became the major commerce by the mid-
1600’s.  Africans were imported as slave
labor to work the plantations. In 1665, the
white population of St. Kitts was about
7,000 with about 3,000 blacks. By 1775,
there were 1900 whites and 23,000
blacks.  In 1834, slavery was
abolished…the beginning of the end for
the sugar cane business.
Return to Island Hopping in the Caribbean.
The highlight of the tour was visiting Fort George fortress ."A World Heritage site, the Brimstone Hill Fortress National Park, is an
exceptional and well-preserved example of 17th and 18th century military architecture in a Caribbean context.  Designed by the British and
built by African slave labour, it is a testimony to European colonial expansion, the Atlantic slave trade and the emergence of new societies in
the Caribbean.”                …from a Ft. George Museum sign
Bell tower at Wingfield Plantation, an old
sugar cane plantation built in 1680 and since
been converted into a Botanical Garden.  
Nevis  Facts...(Nee-vis)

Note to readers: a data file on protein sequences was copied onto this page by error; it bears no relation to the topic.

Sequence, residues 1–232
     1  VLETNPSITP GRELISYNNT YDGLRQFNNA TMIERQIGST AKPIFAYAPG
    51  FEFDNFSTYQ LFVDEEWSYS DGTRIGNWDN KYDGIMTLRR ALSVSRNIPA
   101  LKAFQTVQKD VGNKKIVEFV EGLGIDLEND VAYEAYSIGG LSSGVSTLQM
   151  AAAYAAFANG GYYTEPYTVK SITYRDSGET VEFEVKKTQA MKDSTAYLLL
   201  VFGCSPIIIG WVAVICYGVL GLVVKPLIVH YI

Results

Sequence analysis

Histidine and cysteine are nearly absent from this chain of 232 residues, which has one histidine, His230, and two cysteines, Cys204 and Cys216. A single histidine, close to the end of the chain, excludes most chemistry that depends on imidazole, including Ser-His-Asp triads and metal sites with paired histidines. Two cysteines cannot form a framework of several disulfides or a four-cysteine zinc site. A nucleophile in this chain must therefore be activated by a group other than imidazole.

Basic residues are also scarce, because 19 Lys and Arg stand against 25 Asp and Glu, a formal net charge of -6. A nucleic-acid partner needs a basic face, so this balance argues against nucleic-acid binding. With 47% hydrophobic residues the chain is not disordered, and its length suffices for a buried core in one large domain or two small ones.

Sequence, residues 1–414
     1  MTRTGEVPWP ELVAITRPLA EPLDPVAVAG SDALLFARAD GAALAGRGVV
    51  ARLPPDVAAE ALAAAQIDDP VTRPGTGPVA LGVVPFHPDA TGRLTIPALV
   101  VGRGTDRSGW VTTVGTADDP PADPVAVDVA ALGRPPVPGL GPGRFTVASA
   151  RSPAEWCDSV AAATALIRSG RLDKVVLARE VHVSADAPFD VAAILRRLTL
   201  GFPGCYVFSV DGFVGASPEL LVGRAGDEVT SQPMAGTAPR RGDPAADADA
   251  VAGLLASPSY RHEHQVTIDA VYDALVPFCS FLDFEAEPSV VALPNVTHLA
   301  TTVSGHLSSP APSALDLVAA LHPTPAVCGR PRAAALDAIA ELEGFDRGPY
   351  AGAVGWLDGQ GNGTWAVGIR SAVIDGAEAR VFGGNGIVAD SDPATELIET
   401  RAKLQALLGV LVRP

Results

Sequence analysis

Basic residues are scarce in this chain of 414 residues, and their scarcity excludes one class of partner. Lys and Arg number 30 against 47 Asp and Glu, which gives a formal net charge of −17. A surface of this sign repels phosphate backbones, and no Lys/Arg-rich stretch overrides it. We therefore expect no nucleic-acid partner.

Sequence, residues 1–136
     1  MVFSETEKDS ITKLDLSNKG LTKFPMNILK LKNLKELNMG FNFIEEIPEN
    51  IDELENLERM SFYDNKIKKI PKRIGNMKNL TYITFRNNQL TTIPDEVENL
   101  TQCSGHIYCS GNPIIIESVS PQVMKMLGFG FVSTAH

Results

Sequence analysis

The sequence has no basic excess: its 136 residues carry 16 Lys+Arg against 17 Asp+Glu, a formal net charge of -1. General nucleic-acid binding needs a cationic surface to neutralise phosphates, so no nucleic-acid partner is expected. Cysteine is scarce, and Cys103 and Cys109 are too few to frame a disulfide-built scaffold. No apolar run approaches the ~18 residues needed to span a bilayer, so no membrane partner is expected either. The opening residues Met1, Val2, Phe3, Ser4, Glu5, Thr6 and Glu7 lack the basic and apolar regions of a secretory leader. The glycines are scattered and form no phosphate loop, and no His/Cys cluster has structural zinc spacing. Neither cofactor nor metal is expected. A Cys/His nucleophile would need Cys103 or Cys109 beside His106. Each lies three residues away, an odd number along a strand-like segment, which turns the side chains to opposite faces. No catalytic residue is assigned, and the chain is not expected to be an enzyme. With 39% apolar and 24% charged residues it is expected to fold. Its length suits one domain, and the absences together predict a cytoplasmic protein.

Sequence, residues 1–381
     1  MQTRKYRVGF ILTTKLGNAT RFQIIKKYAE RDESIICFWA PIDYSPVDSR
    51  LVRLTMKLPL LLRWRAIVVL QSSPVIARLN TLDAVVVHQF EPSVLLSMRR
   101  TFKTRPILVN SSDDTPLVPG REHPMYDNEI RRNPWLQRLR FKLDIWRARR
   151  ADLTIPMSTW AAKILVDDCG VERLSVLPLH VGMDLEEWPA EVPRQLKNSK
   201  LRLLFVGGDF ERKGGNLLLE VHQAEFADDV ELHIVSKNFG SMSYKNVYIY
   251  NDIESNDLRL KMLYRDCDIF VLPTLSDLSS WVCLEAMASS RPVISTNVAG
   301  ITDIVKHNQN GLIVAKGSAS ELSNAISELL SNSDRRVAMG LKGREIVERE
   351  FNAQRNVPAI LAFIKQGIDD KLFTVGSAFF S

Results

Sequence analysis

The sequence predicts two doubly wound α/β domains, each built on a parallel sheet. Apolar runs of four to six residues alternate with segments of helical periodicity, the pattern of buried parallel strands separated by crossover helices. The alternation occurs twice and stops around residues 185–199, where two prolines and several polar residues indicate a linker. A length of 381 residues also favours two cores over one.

Population:  12,000
Area: 35 square miles
Only town: Charlestown
Language: English
Currency: EC$ (Caribbean dollars)
Highest point: Nevis Peak  (3232’)
Inhabitants are called: Nevisians
While visiting the fort in St. Kitts and having a quick burger and a beer, we met a Swiss couple (Gabrielle &
Emil Schauer) and began chatting with them.  After about an hour, they invited us to spend a couple of days
with them at their plantation home in Nevis.  In addition to their fine company, they also offered us our own
guest quarters with hot showers and  access to their laundry facilities.  How could we say “No”?  We couldn’t
…so off we sailed the 9 miles to Nevis. We checked into Customs in Charlestown and wandered around a
bit, then moved the boat to Oualie Beach, Emil’s recommendation for a place to leave the boat.
Nevisian trivia:  
What famous American statesman was born in

Alexander Hamilton. Note that several of
Thomas Jefferson’s relatives were Nevisians,too.
Charlestown waterfront and dinghy dock
with Nevis Peak in the distance.
The lovely plantation house we stayed at. We